This Brat Pack Member Is Always Packing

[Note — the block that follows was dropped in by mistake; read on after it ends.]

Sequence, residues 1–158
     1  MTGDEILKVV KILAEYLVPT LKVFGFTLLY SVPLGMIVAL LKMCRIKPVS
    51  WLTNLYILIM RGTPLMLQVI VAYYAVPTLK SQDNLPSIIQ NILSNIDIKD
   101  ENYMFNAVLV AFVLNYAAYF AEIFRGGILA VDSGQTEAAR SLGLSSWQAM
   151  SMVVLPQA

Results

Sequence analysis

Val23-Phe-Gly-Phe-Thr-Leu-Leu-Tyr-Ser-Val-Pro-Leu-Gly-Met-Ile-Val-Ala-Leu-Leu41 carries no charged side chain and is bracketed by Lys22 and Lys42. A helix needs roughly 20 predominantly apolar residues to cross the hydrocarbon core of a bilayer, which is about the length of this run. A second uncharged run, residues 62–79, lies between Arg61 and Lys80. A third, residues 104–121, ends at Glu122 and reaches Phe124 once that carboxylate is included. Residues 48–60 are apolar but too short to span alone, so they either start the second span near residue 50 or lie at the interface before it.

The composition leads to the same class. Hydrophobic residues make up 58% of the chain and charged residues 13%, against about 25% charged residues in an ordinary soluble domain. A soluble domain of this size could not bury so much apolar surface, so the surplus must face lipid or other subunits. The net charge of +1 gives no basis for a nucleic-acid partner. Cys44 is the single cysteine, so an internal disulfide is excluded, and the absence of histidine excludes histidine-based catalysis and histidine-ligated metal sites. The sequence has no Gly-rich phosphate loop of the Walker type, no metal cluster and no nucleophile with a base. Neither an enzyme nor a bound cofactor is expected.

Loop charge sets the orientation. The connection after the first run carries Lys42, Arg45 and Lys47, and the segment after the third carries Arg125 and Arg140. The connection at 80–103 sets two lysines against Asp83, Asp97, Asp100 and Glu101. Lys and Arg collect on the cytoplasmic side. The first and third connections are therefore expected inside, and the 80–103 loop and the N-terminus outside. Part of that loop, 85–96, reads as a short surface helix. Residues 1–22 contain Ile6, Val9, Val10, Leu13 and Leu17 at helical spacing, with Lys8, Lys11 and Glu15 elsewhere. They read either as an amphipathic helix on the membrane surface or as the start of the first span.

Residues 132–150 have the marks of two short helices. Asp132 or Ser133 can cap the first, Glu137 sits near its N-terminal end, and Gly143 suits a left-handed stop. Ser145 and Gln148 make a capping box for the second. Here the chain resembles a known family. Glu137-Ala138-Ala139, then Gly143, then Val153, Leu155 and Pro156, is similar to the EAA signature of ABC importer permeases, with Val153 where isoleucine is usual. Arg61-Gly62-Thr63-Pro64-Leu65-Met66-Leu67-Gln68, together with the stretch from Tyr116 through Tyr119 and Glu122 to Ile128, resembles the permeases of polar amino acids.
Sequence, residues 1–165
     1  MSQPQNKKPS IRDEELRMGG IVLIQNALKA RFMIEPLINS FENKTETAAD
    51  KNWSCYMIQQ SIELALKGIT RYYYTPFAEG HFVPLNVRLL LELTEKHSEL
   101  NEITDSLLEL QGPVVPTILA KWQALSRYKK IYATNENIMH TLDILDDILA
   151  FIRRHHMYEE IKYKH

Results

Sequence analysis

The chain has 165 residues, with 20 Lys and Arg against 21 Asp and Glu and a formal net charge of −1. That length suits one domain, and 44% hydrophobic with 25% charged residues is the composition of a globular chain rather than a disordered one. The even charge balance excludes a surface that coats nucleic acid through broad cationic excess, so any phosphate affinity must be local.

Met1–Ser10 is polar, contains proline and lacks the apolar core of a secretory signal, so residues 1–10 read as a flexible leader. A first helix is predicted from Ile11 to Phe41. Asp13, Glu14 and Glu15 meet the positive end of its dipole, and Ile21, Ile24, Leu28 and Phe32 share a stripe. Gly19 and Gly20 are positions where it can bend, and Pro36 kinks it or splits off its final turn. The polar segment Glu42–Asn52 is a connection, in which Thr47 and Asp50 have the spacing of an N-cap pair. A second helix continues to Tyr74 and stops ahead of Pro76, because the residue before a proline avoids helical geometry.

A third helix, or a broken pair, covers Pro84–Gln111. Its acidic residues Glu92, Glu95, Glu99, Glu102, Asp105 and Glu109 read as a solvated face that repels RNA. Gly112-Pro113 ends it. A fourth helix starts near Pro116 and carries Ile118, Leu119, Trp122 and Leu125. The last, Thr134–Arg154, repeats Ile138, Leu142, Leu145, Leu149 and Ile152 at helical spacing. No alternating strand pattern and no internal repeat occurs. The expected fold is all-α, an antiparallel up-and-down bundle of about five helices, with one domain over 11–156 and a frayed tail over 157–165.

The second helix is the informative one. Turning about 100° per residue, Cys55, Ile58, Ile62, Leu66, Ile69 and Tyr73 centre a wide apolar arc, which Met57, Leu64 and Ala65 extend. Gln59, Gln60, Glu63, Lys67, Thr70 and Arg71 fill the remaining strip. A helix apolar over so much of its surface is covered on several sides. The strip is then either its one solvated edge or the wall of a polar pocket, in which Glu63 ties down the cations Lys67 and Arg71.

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ACTOR AND TRAVEL WRITER ANDREW MCCARTHY ON 'PRETTY IN PINK,' and HIS NEW BOOK By Angela Barbuti Andrew McCarthy will forever be part of the iconic group of teenage actors from the '80s known as the Brat Pack. And to this day, people still talk to him about it. After an audition on the Upper West Side, he began his career in 1983 with the movie Class, and went on to star in St. Elmo's Fire and Pretty in Pink. His new book, The Longest Way Home, outlines his career as a travel writer. As an editor-at-large at National Geographic Traveler, he often lives in a "jet-lagged state," but still looks forward to coming back to the Upper East Side. The 49-year-old New Jersey native has called New York City home since he started NYU at 17. When he is not in the Amazon, he can be found enjoying a burger with his wife and two children at the Corner Bistro. You auditioned and were accepted into NYU. How long did you spend there? Two years, then they kicked me out. What do you remember about that time? Washington Square was an entirely different place than it is now. [Laughs] Rastas used to hang around and play soccer and sell joints. I was a 17-year-old kid from New Jersey, so it was a great time to discover the city. Your first audition was at the Ansonia Hotel. Did you think you would get that part? [Laughs] I did it 'cause I had nothing to do and just got kicked out of school. A friend said they were looking for someone 18, vulnerable and sensitive. I'm like, "that's me!" And I had just had a headshot done; a friend of mine was a photographer. I waited in the hallway for several hours with several hundred other 18, vulnerable and sensitive kids. And 10 auditions later ? but no, it never had occurred to me that I would get the job. In your book you said that Pretty In Pink spoke to a generation of young women and men. Why do you think it resonated with so many people? I have no idea. [Pauses] Because it took seriously young people's problems. Do people still come up to you about it? All the time. They pass it down to their kids now. We're on to the second generation of people watching it. Is it true you met the editor of National Geographic Traveler and asked if you could write for him? I told him he should let me write for him. I didn't ask. [Laughs] And he took a year to say yes. He said, "You're an actor, dude." And I said, "Yeah, but I know how to tell a story." Had you given it much thought beforehand? I had been traveling a great deal and writing about it, but just for myself. I tried to keep a journal, but I found that silly and embarrassing. So I began to write stories, and as an actor I used dialogue and character. I did that for 10 years and would just come home and throw them in the back of my dresser drawer. You said the writer Paul Theroux influenced how you travel. His books had a big impact on me. His idea is go alone, go far, go for a long time. So I did. I went long, far, and I didn't come back. I was a young, single guy at the time. It was better than hanging around the bars, wasn't it? [Laughs] What are your favorite places in the world? I love Patagonia. I thought that was pretty spectacular. I just recently returned from Telluride, Colorado, which I thought was pretty fantastic. When I used to live downtown, my favorite view of the world was coming across the Williamsburg Bridge. Now I live uptown, and my favorite view is coming across the Triboro Bridge. I love that feeling of coming home and coming over the rise there. In your book you spoke about being a member of the Brat Pack. It has come to be this iconic group capturing a time. Whenever I see them, I have a great affection for them. It's interesting because 25 years later, it's still something that's talked about. And a lot of these people have had some pretty interesting careers. To learn more about McCarthy's upcoming projects and book events, visit

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